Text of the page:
Farmers are never the easiest community to reach for microfinance institutions. It goes without saying that many work in remote, rural areas. They may be prone to natural disasters – a point which is very clear this week as we visit Kenya and heard about the plague of locusts wreaking havoc across East Africa. Growing seasons also mean that farmers may have particular needs when it comes to loan structuring and may need to wait for crops to mature to pay back the principal. This goes without mentioning the challenges of inputs and quality seeds which are a day-to-day challenge across Africa and the problems after harvest of accessing markets.
Several of the challenges being faced by farmers are ones which technology is helping to address. Today we visited an MFI which is focused on using technology to support farmers and then we visited farmers in the field.
As a first step, the MFI helps farmers to buy high quality inputs on credit. The farmers we met had complained that they often found the wrong seeds were provided or the seeds were of very poor quality. This had changed since they started working with the MFI. Unsurprisingly, the credit officers coming round operate digitally and use tablets for the whole process, helping to keep operations streamlined. To reduce operational costs, the MFI is branchless and loan officers spend their entire time on the road.
Loans are structured to fit in with the growing cycles. We learnt from the farmers that, in the case of the majority of crops here in Kenya, there were two growing cycles, each lasting about 6 months. During the growing period, farmers tend to have limited funds, and they only pay back the interest on the loan, together with a small portion of the principal. During the harvesting, however, they are expected to pay back the loan in full. This, of course, is done via mobile payments which work very efficiently in the surprisingly strong 4G signal we found in the relatively remote areas around Meru.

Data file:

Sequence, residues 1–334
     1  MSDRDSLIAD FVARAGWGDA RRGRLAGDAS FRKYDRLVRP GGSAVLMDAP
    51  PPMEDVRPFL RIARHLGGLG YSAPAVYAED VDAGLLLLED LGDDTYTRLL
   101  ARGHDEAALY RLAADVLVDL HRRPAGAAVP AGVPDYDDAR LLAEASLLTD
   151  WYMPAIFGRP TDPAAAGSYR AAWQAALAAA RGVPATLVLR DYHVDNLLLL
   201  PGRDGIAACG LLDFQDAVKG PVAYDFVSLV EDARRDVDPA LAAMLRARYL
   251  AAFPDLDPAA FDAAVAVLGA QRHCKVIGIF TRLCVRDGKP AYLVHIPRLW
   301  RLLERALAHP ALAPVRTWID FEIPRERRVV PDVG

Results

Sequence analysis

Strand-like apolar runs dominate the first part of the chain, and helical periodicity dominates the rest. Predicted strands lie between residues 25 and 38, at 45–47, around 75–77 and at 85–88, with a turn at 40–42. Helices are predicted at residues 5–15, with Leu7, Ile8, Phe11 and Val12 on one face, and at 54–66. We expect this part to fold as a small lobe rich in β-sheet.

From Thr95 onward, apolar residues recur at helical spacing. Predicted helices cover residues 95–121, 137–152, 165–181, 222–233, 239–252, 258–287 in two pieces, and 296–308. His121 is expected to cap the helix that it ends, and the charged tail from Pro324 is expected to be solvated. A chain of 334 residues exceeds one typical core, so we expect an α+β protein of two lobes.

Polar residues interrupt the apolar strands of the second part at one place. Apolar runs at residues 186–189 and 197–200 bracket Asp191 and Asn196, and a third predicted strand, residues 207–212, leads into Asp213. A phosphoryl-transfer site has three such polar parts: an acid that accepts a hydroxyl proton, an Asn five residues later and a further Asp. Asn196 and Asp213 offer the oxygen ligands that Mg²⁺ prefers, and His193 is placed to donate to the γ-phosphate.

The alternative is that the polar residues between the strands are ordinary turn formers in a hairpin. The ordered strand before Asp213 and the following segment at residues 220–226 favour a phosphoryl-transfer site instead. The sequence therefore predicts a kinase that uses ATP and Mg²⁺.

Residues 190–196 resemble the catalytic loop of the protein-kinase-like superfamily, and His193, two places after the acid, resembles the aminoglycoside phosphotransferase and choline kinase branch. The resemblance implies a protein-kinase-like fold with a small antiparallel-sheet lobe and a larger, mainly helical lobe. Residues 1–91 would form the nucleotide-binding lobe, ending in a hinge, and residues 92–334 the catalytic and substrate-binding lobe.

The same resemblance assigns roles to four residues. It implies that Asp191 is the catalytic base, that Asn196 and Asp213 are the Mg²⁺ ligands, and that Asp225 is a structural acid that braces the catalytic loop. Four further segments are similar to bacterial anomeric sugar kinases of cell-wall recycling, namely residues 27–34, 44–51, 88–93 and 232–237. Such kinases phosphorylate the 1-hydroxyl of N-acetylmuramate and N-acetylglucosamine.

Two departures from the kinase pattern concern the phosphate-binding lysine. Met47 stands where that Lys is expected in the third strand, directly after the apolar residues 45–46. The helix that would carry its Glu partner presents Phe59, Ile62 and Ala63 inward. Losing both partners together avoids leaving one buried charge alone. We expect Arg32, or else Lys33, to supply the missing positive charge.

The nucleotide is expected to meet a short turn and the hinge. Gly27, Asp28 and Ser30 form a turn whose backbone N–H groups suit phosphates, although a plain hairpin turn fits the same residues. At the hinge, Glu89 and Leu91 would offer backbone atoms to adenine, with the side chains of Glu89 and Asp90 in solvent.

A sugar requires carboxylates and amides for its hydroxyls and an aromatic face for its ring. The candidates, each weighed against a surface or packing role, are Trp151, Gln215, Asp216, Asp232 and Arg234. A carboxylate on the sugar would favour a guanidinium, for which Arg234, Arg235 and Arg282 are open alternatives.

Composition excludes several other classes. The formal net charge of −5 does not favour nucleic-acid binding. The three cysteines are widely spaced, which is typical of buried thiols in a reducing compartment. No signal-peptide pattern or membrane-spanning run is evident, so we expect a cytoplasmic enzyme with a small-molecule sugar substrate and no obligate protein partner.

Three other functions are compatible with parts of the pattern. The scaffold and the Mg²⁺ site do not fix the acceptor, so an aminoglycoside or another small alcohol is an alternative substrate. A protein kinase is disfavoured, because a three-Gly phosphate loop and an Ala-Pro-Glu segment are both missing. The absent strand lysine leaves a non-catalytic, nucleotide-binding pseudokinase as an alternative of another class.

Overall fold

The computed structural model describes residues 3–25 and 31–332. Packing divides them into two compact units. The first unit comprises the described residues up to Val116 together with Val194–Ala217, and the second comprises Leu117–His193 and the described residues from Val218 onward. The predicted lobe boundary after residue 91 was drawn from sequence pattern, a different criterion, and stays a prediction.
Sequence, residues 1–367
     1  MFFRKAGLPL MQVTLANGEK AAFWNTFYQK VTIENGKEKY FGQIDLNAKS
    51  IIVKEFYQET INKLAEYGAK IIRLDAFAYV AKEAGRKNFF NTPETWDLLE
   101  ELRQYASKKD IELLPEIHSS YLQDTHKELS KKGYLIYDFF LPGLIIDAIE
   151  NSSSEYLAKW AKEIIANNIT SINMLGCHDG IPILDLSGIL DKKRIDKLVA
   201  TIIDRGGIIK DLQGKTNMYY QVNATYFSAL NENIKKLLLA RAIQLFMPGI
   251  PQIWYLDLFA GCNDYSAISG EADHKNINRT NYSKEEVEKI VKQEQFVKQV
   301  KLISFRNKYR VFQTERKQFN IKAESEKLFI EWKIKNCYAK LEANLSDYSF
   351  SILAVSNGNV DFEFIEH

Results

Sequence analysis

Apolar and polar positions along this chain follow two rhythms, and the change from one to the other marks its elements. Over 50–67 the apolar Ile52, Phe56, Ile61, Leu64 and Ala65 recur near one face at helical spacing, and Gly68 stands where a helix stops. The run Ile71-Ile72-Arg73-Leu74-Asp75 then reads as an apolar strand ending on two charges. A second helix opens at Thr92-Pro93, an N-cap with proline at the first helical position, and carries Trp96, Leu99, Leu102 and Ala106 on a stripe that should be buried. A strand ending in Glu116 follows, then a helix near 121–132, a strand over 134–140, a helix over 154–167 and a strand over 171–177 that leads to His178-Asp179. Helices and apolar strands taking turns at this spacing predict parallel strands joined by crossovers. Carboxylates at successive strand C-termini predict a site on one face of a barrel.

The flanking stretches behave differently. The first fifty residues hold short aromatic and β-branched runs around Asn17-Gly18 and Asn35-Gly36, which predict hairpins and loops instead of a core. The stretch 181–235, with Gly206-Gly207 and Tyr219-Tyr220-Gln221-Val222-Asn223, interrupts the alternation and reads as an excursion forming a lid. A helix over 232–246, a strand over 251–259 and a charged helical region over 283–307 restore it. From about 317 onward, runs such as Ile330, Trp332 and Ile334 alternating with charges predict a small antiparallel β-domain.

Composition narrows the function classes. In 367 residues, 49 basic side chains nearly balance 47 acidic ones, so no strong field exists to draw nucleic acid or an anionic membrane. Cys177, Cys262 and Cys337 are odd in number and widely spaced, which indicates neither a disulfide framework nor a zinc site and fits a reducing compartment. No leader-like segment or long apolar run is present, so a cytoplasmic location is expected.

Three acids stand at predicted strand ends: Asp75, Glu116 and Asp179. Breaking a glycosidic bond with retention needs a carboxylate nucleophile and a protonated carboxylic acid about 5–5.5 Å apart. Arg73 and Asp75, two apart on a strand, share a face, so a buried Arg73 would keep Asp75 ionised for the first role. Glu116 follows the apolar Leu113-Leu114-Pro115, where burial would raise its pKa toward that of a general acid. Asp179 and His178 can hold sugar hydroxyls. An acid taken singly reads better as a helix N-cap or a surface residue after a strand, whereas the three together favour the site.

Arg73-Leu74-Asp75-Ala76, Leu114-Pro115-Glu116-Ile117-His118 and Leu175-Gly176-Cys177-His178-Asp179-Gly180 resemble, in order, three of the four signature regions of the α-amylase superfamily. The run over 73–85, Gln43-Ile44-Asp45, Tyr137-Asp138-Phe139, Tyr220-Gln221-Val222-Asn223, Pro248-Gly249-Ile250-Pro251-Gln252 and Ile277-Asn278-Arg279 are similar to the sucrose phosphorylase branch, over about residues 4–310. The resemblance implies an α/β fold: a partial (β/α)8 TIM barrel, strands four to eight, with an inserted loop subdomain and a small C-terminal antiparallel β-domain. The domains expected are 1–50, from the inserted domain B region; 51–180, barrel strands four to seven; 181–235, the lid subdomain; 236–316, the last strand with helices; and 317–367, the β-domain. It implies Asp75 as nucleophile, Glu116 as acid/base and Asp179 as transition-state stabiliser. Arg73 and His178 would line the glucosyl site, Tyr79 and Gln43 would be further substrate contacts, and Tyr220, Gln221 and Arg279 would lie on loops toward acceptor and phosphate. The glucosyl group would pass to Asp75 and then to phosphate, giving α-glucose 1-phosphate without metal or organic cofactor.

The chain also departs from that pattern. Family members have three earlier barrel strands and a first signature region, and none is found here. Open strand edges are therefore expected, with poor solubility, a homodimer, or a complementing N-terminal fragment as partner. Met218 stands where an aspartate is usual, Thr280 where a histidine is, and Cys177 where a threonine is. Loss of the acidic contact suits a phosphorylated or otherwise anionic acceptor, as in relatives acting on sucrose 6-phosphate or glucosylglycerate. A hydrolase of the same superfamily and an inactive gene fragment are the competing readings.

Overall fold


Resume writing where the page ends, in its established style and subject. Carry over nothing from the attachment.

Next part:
Over the full loan period, farmers are sent tips via their mobile on how best to farm. These range from advice about when to plant to weather warnings and the farmers we spoke to said how useful they were (all the farmers had mobiles – this might not have been what we all expected – but we were reminded that mobile penetration has now reached 90% in Kenya).
The other innovation the MFI has put in place is market linkages. Farmers have traditionally had very limited access to the markets and are reliant on middle men who often exploit their limited bargaining power. Prior to the harvest the MFI helps to put together an inventory and works with brokers, often using digital market places, to get a better price.
All these digital innovations clearly have considerable potential and the enthusiasm of farmers towards this system was palpable. They felt it had made a large difference to their ability to collect good yields. However, this year the rains have come early and are making harvests a challenge. Moreover, not even 100km away from us in Meru, the locusts are eating through crops. As climate change challenges come increasingly to the fore, it is important that more initiatives are provided to farmers to support them in their increasingly difficult work and that insurance is available in the case of such natural disasters. Given the fast pace of digital innovation, it will be exciting to see what is available in a few years – or even a few months – from now.